Appropriate use of PPE is the easiest way to prevent the contact from secretions and transfer of COVID-19 virus. This will not only protect the health-care workers but also prevent the nosocomial transmission of COVID-19 virus. Therefore, the objective of this study was to determine the use of PPEs among the doctors deployed in COVID-19 duty and the factors affecting it.
Materials and Methods
Ethical clearance and informed consent
The ethical clearance was obtained from the Institutional Ethics Committee, Dr. D.Y. Patil Medical College, Pune, prior to the start of the study. Informed consent was obtained from the participants for their willingness to participate in the study. Participation in the study was voluntary and anonymity was maintained throughout the course of study.
Study design and data collection
This was a cross sectional, questionnaire-based study. The study was conducted between 30th April 2020 to 30th June 2020. The study population consisted of doctors including residents and interns who were engaged in the government and private practice in the state of Maharashtra. Assuming that 70% of the respondents would be using PPE appropriately, with an allowable error of 9%, at a confidence level of 95%, with a nonresponse rate of 20%, a sample size of 120 was estimated. The statistical package used was WinPepi. 146 health professionals responded the questionnaire however 24 were not considered due to incomplete information. So, the final sample considered for analysis was 122.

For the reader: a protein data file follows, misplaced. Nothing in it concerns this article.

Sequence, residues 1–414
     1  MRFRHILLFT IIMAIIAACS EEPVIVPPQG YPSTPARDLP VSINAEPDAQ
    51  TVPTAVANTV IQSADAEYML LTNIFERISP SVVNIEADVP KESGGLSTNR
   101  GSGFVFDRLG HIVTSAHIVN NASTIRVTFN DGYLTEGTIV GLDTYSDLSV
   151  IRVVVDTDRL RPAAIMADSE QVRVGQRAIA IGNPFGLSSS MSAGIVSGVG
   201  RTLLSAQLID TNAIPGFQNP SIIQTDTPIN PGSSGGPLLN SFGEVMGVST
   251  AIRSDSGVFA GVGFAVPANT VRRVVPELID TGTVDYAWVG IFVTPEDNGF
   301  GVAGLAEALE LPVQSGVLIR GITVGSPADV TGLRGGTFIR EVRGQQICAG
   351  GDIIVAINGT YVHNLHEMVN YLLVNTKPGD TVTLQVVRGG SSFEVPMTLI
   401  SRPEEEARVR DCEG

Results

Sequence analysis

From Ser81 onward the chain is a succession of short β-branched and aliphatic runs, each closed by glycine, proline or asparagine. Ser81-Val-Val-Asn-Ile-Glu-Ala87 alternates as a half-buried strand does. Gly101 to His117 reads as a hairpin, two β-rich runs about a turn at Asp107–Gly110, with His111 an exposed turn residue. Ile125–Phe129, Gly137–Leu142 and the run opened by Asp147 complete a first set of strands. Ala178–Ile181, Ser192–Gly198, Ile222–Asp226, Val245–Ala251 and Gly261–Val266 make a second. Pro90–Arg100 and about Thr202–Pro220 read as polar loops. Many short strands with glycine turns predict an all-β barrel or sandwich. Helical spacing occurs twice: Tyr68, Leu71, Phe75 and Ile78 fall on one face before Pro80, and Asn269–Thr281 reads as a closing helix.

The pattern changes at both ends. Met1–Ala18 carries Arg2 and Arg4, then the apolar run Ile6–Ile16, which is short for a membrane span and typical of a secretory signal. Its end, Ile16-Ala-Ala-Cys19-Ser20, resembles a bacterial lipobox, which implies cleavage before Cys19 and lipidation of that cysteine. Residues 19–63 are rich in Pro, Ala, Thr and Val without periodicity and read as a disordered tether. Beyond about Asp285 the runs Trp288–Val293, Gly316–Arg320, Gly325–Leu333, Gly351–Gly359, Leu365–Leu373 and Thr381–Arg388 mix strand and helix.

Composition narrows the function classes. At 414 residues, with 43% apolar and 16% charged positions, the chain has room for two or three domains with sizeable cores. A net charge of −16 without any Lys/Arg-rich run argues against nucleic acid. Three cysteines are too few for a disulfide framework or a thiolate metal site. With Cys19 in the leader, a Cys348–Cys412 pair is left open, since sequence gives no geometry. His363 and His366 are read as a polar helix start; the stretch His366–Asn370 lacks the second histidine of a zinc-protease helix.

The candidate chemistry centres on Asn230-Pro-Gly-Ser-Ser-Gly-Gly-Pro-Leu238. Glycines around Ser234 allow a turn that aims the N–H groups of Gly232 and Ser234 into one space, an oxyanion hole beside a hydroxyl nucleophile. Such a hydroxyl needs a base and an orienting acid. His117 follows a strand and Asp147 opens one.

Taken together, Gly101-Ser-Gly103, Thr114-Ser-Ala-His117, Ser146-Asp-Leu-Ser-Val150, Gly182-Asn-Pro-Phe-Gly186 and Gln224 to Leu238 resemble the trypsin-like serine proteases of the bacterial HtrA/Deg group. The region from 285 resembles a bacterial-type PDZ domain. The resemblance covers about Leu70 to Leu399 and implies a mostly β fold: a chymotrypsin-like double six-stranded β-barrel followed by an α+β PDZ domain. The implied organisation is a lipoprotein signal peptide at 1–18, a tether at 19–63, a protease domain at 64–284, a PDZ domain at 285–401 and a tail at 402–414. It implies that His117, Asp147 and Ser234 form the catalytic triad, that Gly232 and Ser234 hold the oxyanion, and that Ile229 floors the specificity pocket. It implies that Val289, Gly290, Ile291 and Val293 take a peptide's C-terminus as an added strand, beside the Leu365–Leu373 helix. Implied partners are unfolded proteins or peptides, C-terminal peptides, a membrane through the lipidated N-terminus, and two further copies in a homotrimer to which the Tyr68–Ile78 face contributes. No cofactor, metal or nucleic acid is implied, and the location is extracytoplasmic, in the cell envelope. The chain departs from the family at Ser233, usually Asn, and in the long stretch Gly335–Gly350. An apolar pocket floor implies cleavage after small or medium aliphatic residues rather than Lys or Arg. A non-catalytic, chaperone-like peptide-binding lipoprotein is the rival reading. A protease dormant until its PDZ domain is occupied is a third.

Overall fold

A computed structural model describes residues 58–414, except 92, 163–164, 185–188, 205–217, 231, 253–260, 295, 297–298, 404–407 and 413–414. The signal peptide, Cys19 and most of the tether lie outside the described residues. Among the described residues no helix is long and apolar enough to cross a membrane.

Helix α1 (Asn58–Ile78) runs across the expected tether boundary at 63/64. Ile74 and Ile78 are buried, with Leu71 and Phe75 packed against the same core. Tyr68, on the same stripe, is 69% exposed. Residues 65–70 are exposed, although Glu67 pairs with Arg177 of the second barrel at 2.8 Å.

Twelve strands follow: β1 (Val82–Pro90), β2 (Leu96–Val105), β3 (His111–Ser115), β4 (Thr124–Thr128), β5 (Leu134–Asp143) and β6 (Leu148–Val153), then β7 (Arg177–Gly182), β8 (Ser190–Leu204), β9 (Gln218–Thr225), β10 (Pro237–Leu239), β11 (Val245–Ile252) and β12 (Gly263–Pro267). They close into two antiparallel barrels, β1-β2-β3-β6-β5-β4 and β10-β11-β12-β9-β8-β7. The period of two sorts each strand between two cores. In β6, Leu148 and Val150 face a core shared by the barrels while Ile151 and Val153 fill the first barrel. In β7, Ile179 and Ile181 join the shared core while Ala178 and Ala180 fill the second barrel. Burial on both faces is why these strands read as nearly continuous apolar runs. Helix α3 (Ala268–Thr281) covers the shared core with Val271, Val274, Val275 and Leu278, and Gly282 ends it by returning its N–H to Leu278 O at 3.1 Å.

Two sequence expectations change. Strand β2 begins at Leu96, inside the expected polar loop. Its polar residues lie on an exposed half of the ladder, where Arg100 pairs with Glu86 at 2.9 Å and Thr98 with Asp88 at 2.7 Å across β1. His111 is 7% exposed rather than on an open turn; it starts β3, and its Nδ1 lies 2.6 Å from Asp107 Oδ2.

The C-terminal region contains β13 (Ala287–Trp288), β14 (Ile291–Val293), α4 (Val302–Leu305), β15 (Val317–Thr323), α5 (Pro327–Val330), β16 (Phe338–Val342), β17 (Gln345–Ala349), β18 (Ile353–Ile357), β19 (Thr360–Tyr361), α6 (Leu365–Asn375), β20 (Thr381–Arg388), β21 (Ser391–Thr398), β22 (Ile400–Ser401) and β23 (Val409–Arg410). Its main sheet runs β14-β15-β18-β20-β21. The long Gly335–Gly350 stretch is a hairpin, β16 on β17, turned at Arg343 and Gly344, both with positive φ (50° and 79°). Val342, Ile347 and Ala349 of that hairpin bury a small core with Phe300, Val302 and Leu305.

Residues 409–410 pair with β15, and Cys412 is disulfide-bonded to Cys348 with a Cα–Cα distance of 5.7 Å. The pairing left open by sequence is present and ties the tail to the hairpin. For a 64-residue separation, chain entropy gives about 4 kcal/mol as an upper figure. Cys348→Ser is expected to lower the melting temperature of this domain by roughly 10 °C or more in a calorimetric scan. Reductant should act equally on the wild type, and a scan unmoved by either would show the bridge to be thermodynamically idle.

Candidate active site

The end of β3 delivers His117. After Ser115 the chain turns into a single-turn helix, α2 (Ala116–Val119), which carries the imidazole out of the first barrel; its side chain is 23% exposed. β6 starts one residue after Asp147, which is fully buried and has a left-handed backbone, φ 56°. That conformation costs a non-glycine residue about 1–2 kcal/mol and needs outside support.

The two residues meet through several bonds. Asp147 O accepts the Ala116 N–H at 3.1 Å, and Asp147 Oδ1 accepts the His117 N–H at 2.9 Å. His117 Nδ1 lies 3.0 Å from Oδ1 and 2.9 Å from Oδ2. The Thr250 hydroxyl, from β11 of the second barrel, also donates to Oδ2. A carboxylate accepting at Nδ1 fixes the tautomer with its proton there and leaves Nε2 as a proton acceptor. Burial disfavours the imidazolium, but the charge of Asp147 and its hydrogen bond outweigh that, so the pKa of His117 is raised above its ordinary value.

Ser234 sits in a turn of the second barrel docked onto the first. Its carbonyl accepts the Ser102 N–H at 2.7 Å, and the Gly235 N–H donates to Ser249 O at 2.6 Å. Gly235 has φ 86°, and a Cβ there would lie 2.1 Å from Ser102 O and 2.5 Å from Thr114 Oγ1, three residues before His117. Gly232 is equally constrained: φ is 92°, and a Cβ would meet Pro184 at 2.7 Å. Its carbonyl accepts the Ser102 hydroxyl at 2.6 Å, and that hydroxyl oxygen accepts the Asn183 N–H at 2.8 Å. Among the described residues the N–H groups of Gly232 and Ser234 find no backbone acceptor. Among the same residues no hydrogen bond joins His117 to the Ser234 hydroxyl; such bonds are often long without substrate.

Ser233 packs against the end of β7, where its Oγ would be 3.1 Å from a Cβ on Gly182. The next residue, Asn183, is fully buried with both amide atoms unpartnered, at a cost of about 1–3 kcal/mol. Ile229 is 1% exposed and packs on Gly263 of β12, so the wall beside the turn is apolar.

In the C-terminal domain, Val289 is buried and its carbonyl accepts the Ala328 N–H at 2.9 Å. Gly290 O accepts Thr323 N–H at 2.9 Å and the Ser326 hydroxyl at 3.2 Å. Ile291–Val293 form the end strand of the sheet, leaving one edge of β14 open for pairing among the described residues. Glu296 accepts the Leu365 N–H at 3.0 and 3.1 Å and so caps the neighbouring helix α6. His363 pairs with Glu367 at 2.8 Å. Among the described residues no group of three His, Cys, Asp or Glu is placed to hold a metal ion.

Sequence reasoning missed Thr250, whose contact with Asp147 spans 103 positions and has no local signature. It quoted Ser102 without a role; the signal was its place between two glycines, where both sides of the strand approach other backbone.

A self-designed, pre-validated questionnaire was used for the study. The questionnaire was divided into three sections. Section 1 comprised of professional details of the subjects. Section 2 evaluated the use of PPEs according to the guidelines given by The Indian Ministry of Health and Family Welfare on “The Rational Use of Personal Protective Equipment”.11 Section 3 evaluated the factors affecting the use of Personal Protective Equipment (PPE). The questionnaire was prepared in the form of an online form and was sent via WhatsApp and email to the health professionals including residents and interns at various healthcare institutions in the state of Maharashtra, India. It could not be handed over personally because of the city being under ‘Lockdown’ to prevent the spread of the virus.
The data was entered in Excel and analyzed using SPSS package version 19.0 (SPSS, Chicago, IL, USA) and Epi Info 7. It was summarized using percentages. Appropriate measures of association such as Odds Ratio (OR) and statistical tests such as Chi square were used. The significance level was set at <0.05.